Certainly the big investment fund has less “skin in the game” for each house, and doesn’t put in “sweat equity” to repaint the porch railings or carefully interview the potential tenants or get to know them like an individual property owner might, but the big investors can probably hire managers who oversee a few dozen houses each and maintain them at least as well as an amateur owner, and probably get the lawns mowed and roofs replaced less expensively if they’re buying those services in bulk. But it makes me a little bit nervous, trying to picture how any firm can buy 400 houses a month (like Silver Bay) or several times that many (at one point Blackstone was buying $100 million in houseos a week, which at $150,000 per house would be more than 2,500 houseos a month) and make good individual choices about each of those individual houses.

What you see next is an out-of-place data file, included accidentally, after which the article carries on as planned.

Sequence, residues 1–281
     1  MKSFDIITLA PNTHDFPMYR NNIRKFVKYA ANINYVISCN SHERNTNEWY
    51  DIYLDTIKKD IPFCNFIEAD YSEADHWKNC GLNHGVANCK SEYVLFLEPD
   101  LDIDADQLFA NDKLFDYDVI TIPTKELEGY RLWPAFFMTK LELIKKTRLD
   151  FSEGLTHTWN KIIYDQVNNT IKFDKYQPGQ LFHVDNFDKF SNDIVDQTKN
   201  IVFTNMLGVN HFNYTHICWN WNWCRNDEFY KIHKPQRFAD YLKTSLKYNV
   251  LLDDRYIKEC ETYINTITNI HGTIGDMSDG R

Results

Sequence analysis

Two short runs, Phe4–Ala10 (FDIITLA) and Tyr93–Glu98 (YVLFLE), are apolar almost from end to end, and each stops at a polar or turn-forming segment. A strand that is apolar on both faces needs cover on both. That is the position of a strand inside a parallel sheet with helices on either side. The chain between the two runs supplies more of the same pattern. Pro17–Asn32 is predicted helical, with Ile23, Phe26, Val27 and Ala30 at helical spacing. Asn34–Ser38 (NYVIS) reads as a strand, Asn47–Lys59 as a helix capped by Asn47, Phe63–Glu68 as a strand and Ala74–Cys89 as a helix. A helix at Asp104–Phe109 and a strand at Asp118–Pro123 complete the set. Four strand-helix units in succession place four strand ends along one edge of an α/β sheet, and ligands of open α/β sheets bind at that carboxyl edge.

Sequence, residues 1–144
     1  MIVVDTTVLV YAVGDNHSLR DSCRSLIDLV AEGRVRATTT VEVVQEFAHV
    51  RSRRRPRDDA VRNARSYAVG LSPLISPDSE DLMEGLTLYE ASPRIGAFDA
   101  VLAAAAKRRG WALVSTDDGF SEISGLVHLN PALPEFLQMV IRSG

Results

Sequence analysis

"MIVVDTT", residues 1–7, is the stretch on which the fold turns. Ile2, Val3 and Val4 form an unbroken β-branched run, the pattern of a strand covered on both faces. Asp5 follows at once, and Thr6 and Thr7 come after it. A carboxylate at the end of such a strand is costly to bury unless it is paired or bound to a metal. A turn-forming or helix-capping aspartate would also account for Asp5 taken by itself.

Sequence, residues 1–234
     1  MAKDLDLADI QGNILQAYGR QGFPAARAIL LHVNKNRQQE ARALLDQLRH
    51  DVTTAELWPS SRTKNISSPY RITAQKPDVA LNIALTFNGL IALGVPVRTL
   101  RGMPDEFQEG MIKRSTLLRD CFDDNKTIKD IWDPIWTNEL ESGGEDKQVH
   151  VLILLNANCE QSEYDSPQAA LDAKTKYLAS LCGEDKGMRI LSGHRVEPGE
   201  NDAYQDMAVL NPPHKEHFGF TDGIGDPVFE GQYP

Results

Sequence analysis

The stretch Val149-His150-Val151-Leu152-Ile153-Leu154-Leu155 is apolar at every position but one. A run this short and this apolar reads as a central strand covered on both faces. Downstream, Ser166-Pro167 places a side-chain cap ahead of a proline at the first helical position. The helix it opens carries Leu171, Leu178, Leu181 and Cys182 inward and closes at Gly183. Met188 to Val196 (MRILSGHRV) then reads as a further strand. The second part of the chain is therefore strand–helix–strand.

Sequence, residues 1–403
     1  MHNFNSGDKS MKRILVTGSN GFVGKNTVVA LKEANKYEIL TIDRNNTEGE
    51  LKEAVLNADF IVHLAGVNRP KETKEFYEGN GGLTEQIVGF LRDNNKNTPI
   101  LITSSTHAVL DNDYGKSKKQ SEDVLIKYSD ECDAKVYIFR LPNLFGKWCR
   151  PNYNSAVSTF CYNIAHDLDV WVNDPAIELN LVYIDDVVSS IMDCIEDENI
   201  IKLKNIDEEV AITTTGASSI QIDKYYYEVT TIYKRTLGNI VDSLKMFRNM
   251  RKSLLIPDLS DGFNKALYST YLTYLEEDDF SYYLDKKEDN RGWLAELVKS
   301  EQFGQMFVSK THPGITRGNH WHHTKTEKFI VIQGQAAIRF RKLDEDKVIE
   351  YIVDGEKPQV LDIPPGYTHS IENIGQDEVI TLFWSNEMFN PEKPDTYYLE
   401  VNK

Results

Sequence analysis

Blackstone is the more proven performer here, to be sure — and they’ve been buying and managing real estate for a bit longer — so that’s my guess for which of these single-family-home buyers is being touted as a “buy and hold forever” pick by Mayer today … but it is just a guess.
BX has been suggested by newsletters many times, of course, since it offers both a nice dividend, a somewhat complicated structure that confuses people (it’s a publicly traded partnership — so you get a K-1 for your taxes, similar to owning a pipeline MLP), and a good growth story, though I haven’t personally owned these shares recently and I’m a little nervous about big, leveraged single family home portfolios.